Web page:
Writing Term Papers—How to Turn a Messy First Draft Into a Final Paper

If you need help with your writing skills, First Impressions College Consulting can guide you through the writing process to make it easier and more effective. Gain confidence in your writing. Contact www.firstimpressionscollegeconsulting.com.

Joanna NovinsWith over two decades of writing experience for the Central Intelligence Agency and the commercial fiction market, multi-published author and writing consultant Joanna Novins understands the importance of hooking the reader with the first line. She also understands the importance of telling a great story, whether it’s about manufacturing solid propellant missiles, happily-ever-after, or marketing yourself or your work. She has extensive experience working with writers of differing skill levels, from senior intelligence analysts and published authors to aspiring authors and high school students. Joanna is a writing consultant for First Impressions College Consulting. You can reach her at www.joannanovins.com or www.firstimpressionscollegeconsulting.com

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Writing Term Papers—Six Steps for Beating Deadline Panic

6 Steps for Beating Term Paper Panic

Joanna NovinsGuest blogger: Joanna Novins
Part 1 of the Series “Becoming Unstuck”

The other night I got a call from a college student with whom I’ve worked in the past. The deadlines for several papers were looming. “I don’t know how I’m going to get this done,” he said, his voice cracking with a mixture of panic and fatigue. “I don’t know where to start.”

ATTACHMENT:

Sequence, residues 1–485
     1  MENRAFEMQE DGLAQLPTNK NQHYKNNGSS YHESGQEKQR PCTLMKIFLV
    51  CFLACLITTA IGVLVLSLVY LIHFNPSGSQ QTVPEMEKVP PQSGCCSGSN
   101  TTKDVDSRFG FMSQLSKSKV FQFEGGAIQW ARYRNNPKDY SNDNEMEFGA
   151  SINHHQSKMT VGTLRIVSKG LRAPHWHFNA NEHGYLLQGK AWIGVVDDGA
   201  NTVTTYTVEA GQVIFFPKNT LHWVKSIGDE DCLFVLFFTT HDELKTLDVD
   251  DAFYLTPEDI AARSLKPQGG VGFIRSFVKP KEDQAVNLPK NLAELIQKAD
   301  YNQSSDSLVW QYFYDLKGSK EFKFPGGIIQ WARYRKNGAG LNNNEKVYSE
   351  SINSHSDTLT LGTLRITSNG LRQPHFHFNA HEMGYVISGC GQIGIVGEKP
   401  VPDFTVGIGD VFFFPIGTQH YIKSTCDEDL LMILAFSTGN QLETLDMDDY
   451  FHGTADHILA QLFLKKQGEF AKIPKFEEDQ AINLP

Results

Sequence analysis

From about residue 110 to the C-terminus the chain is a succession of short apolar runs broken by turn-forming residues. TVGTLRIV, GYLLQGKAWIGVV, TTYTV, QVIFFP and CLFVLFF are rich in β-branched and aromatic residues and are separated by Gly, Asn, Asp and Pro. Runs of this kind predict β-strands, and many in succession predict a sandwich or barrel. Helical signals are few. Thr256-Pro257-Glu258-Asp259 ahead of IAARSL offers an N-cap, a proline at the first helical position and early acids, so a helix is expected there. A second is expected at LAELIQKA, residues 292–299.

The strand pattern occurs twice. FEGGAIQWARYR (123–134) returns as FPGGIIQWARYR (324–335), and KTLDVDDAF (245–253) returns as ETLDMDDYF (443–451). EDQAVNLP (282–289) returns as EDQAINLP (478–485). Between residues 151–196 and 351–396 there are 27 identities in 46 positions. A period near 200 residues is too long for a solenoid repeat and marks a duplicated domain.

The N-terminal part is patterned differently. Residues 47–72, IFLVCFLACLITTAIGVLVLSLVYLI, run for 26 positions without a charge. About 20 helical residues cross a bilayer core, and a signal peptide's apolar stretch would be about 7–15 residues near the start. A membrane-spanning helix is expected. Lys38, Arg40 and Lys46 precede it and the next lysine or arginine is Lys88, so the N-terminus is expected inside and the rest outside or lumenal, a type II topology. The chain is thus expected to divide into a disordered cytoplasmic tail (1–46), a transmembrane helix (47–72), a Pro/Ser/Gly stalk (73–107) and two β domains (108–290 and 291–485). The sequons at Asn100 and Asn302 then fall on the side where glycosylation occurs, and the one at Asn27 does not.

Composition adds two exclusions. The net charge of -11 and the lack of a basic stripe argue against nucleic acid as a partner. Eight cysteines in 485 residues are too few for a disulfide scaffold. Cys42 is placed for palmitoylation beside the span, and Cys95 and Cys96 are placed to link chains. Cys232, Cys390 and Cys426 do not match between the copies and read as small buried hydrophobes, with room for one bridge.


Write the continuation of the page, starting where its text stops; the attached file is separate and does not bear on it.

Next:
“What can I do to help?” I asked, trying to calm him down.

“Do you have a time machine?” he muttered miserably.

While I couldn’t set the clock back so he’d have more time to work on his paper, after nearly thirty years of working as a professional writer and researcher, I could share some of the simple steps I’ve developed to help relieve deadline panic.

Step One:

Stop beating yourself up. Yes, you could have started earlier, yes, the clock is ticking, but making yourself feel worse about the situation isn’t going to help. Focus on the things you can do now. To fight deadline panic, you need to take both mental and physical control over your situation.

Step Two:

Read the assignment instructions again. While this may seem simplistic, reading the instructions to make sure you understand the parameters of the assignment is an important first step. All too often unfinished projects become like monsters in the closet, their dimensions growing larger and more frightening with each passing moment they’re kept locked in the dark. Take a close, careful look at what the professor is asking you to do. Chances are it’s not nearly as overwhelming as you imagine.

Step Three:

Can’t find your assignment? Clean up! Often when you allow work assignments to pile up, you also allow other things in your environment to pile up.  And while, yes you do need to start your project, it’s worth it to take 10 or 20 minutes to straighten up your room, desk top, and or backpack. Think of it as “administrative time.” File paperwork according to subject matter, class, or assignments.  Mark upcoming assignments and other deadlines on whatever calendar system you use—computer, paper, post it notes on the wall. Throw out papers you don’t need. You may be surprised how much calmer you feel when your workspace looks (and is) less chaotic.

Step Four:

Still can’t find it? Don’t understand it? Reach out to classmates or your instructor. Never hesitate to contact an instructor if you’re running into problems; you’ll have a far better chance of resolving them if you ask for help before the situation becomes a crisis than after you’ve failed to turn an assignment in. It may be embarrassing, but bear in mind that you’ve been given the assignment because your instructor wants you to learn the material, not learn to fail. (Note: Keep in mind that you’ll make a better impression on your professor if you can show what efforts you’ve made to resolve a problem, and possible solutions, rather than simply asking him or her to “fix it.”)